In United States v. Booker, 543 U.S. 220 (2005), this Court ruled that the mandatory
use of the United States Sentencing Guidelines violated the Sixth Amendment right
to a jury trial on any fact required to enhance a criminal sentence. The Court
remedied the error by making the Guidelines "effectively advisory" and, therefore,
just one of many factors a court considers in choosing a sentence under 18 U.S.C.
section 3553(a). The Court also prescribed appellate review of sentences for
"reasonableness" in light of all the section 3553(a) factors and the reasons for the
sentence as stated by the sentencing judge. The model of review on which Booker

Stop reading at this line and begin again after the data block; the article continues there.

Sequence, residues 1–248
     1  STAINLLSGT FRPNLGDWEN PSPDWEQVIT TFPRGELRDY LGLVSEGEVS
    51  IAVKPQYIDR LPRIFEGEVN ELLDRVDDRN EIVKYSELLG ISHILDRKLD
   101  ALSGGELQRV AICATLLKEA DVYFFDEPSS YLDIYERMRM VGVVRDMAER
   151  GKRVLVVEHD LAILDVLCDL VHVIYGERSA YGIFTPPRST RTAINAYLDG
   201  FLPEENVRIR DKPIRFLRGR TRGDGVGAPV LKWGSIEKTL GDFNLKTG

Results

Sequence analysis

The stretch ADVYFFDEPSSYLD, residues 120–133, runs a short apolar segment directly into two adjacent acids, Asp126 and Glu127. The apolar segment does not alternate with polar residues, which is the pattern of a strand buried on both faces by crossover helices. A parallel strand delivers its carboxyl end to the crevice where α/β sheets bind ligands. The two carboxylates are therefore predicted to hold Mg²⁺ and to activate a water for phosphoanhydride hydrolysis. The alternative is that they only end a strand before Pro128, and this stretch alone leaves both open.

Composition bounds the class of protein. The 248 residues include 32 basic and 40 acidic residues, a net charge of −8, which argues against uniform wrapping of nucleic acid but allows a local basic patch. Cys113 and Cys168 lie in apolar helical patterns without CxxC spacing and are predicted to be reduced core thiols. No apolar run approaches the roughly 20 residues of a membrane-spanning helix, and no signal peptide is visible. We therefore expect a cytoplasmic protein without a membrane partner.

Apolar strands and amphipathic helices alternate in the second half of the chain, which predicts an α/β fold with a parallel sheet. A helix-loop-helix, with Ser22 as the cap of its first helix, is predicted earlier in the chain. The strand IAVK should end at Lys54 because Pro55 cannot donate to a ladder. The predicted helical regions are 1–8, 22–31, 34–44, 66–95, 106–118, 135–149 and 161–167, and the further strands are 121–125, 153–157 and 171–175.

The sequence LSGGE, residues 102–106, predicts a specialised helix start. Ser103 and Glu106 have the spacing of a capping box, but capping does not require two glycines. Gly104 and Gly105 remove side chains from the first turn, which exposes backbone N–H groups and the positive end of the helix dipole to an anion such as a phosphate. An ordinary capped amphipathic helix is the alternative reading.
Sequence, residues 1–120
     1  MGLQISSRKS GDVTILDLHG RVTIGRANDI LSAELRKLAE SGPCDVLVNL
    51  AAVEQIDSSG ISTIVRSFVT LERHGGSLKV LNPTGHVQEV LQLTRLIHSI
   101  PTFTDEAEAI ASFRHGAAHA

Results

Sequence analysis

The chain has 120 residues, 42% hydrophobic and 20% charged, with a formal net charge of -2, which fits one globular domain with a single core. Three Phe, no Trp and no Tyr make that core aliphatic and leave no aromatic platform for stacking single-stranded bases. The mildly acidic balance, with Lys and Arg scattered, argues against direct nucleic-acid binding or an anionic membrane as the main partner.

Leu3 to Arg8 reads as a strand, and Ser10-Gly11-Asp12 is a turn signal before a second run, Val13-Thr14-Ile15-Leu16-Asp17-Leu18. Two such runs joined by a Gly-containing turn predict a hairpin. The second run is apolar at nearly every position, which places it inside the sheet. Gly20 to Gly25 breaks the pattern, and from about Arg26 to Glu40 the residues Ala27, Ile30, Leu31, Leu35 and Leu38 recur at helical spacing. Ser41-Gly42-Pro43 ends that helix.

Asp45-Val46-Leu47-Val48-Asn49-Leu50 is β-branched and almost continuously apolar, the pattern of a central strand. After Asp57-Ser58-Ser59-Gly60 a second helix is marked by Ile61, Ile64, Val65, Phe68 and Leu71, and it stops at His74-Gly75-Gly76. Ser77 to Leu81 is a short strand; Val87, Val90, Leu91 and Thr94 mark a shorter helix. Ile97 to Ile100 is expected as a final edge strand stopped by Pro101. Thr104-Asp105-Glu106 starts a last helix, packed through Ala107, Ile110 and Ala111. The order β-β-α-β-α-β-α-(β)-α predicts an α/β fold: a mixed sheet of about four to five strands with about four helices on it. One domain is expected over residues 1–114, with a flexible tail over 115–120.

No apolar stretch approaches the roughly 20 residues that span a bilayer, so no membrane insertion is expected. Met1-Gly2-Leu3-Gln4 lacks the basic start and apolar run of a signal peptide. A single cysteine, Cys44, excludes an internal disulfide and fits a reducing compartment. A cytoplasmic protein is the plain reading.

based this "reasonableness" standard paid "substantial deference" to a sentencing
judge's discretionary choices in departing from the guidelines range, as held in
Koon v. United States, 518 U.S. 81(1996).
In light of the foregoing, these issues are presented:
1. Does an appellate court make the Sentencing Guidelines effectively mandatory
by granting a presumption of reasonableness to the Guidelines range in reviewing a
sentence outside that range, rather than granting deference to the sentencing
judge's decision in light of all the 3553(a) factors?
2. Does granting a presumption of reasonableness to the guidelines range deny the
substantial deference granted a district court's discretionary sentencing decision
under the "reasonableness" standard chosen in Booker?
Certiorari was granted limited to the following questions:
Was the District Court's choice of below-guidelines sentence reasonable?
In making that determination, is it consistent with United States v. Booker, 543 U.S. 220 (2005), to require that a sentence which constitutes a substantial variance from the guidelines be justified by extraordinary circumstances?